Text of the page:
The Opposable Thumb

The opposable thumb has played a key role in human evolution:

A discussion of primate characteristics is often included during units on human evolution. One of the characteristics most often identified as being typically primate and having played a role in human evolution is the opposable thumb. It is argued that the eye-hand coordination made possible by both stereoscopic vision and a grasping hand permitted primates to exploit arboreal habitats in a more efficient fashion. That same hand is used by humans today to manipulate tools and, in turn, the environment with a great deal of dexterity.

Recent research has shown that the evolution of the opposable thumb was not unlikely:

An ancestor of mammals first took to the trees before the age of dinosaurs, evolving the first known opposable thumbs on the way, a group of Toronto researchers reports.

The animal, dubbed Suminia getmanovi, lived at a time when other known vertebrates, including both predators and plant-eaters larger than itself, spent all their time on the ground, said University of Toronto paleontologist Robert Reisz, who studied its complete fossil remains with his PhD student Jörg Fröbisch.

“This is a small plant eater that was not only able to get away from the predators by climbing into the trees,” Reisz said in an interview Tuesday, “but also to access an untapped food resource — that is, the leaves of the trees.”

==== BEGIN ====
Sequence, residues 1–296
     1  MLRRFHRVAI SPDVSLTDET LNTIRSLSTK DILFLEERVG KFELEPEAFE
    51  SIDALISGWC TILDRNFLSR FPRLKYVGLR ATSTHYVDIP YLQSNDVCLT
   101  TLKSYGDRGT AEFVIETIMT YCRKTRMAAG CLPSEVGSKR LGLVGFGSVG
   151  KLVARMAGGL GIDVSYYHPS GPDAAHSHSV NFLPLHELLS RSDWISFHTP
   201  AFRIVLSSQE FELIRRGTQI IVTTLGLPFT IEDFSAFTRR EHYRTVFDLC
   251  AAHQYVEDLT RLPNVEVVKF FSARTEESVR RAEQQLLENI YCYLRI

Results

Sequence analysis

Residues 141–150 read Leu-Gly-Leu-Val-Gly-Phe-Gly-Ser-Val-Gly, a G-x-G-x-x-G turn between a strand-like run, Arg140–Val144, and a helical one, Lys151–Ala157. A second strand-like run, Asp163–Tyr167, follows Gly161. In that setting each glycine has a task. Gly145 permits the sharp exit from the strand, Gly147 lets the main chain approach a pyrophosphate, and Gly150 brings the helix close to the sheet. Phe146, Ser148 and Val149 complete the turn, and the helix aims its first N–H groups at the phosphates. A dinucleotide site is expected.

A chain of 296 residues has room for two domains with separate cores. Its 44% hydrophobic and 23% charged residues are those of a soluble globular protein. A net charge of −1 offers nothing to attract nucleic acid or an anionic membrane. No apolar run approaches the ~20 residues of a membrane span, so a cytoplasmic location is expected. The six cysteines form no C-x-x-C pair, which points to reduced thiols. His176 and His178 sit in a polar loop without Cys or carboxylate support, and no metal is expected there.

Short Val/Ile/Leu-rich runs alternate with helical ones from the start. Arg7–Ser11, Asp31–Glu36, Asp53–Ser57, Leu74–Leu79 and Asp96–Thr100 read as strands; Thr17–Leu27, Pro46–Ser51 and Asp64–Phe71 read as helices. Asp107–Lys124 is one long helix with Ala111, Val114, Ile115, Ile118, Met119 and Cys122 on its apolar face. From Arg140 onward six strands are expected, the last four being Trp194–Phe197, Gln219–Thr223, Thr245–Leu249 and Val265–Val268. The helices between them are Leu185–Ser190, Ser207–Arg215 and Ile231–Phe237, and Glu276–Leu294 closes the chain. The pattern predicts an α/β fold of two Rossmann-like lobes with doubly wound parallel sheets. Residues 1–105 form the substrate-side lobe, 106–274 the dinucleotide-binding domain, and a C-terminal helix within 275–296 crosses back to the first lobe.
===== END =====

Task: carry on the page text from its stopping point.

How might one help to front-load the evolution of an opposable thumb? Front-load the appearance of the pentadactyl limb and front-load the appearance of trees. From there, it’s just a matter of time.

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2 responses to “The Opposable Thumb

  1. Nick (Matzke)

    Two points:

    1. Generic opposable thumb != humans’ specific opposable thumb, which I guess can do a few things other primates’ thumbs can’t.

    2. I don’t see why pentadactyl-ity or thumbs have much to do with it, various birds with fewer toes have evolved opposability for perching, woodpeckers have special arrangement for trunks, chameleons have 2 “thumbs” in a 3-2 split, etc.

    So all you really can say is, yeah, trees encourage opposable digits. Thus proving that God specially constructed the biosphere so as to front-load woodpeckers, of which there are far more species than there are of humans.

  2. Hi Nick,

    Can you make the case that humans were as likely to evolve without trees? As I see it, a planet with trees is more likely to evolve a human-like entity than a planet with no trees.

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